3. Open spaces and burial grounds Open Spaces Act 1906, s15 A county council, a district council and a parish council
4. Seashore Public Health Acts Amendment Act 1907, s82 A district council and a London borough council
5. Promenades Public Health Acts Amendment Act 1907, s83 A district council and a London borough council
6. Public bathing Public Health Act 1936, s231 A district council and a London borough council
7. Pleasure fairs and roller skating rinks Public Health Act 1961, s75 A district council and a London borough council
8. Hairdressers and barbers Public Health Act 1961, s77 A district council and a London borough council
9. Good rule of government and the suppression of nuisances Local Government Act 1972, s235 A district council and a London borough council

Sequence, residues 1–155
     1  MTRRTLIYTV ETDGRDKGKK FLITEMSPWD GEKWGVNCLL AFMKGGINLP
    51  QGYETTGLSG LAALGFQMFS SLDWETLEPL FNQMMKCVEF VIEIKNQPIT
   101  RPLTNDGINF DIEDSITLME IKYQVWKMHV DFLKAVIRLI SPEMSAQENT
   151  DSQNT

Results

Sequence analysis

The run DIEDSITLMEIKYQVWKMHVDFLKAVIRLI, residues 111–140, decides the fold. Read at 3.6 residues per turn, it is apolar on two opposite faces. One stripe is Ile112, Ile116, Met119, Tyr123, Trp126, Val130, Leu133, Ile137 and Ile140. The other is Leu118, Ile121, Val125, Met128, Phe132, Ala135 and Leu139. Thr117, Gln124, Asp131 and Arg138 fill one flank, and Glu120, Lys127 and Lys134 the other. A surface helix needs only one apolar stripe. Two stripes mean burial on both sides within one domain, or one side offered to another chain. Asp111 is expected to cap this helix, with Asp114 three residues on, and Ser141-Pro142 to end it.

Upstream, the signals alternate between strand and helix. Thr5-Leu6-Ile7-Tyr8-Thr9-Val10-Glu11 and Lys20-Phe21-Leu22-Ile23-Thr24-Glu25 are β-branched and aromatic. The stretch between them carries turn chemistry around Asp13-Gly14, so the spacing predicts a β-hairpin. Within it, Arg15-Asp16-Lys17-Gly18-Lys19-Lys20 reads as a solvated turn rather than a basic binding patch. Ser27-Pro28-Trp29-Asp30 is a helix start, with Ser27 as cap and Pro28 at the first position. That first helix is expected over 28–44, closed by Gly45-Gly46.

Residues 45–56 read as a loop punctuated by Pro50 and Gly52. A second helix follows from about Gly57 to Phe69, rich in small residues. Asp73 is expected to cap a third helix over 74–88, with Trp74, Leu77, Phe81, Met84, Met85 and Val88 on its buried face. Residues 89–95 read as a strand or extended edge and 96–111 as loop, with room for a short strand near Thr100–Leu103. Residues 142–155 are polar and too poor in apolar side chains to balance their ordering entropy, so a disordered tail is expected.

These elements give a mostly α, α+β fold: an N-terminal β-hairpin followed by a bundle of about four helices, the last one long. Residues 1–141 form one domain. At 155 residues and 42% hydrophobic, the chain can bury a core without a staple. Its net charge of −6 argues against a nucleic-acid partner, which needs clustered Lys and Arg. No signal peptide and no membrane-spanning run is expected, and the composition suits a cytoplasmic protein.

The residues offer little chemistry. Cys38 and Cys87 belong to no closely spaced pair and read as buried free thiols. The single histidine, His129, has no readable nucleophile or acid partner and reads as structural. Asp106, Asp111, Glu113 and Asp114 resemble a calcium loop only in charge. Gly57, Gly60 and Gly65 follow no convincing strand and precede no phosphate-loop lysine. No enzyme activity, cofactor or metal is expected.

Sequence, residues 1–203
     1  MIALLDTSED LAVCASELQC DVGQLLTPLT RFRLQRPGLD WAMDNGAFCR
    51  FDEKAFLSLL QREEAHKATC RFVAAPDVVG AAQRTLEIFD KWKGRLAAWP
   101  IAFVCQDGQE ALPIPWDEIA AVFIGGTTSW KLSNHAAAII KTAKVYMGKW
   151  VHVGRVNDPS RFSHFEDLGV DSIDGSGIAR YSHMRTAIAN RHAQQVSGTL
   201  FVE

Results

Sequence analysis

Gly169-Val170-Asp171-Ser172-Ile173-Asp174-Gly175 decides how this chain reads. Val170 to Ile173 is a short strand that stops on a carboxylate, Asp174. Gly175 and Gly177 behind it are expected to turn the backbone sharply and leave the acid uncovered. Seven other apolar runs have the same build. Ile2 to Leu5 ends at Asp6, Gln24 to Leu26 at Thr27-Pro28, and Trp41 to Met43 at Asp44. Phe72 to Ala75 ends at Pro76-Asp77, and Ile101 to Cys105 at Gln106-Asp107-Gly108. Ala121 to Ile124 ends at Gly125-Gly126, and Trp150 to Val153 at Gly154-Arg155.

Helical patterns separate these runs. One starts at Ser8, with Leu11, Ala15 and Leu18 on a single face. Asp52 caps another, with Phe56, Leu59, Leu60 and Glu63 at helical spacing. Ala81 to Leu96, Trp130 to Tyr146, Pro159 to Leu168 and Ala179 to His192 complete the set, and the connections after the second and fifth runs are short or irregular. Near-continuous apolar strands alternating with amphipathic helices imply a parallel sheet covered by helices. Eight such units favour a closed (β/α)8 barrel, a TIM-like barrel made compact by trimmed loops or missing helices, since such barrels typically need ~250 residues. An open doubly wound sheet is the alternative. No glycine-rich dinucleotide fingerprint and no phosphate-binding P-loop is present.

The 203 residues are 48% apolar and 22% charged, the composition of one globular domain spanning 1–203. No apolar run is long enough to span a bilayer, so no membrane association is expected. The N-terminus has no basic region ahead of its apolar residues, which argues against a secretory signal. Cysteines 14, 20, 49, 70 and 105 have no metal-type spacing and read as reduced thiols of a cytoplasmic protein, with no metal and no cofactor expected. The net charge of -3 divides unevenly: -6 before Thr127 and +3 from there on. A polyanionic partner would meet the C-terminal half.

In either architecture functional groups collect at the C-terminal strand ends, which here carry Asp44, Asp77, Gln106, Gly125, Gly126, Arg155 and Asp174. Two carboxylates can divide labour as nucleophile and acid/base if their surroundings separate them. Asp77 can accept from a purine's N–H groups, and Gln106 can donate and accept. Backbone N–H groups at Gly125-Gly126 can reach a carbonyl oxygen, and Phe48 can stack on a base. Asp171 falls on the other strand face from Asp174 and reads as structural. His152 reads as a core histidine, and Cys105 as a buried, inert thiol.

10. Market places Food Act 1984, s60 A district council, a London borough council and a parish council
11. Revocation of byelaws falling within any of the above entries Local Government Act 1972, s236B A county council, a district council, a London borough council and a parish council

Making a new byelaw

When making a byelaw a local authority should have regard to, and fully comply with, The Byelaws (Alternative Procedure) (England) Regulations 2016, which detail the alternative arrangements for making a byelaw.

Step 1: draft proposed byelaw, assessment and consultation

The local authority determines if there is a need to make a byelaw and if they have the power to make such a byelaw, then consults upon the proposed byelaw. In considering whether or not a byelaw is an appropriate method for dealing with an issue, the council must follow this process.

The decentralised arrangements recognise that authorities are best placed to make the final decision on whether or not byelaws are appropriate in their area, but byelaws should be proportionate and should not have an unnecessary, excessive or disproportionate effect on individuals or businesses.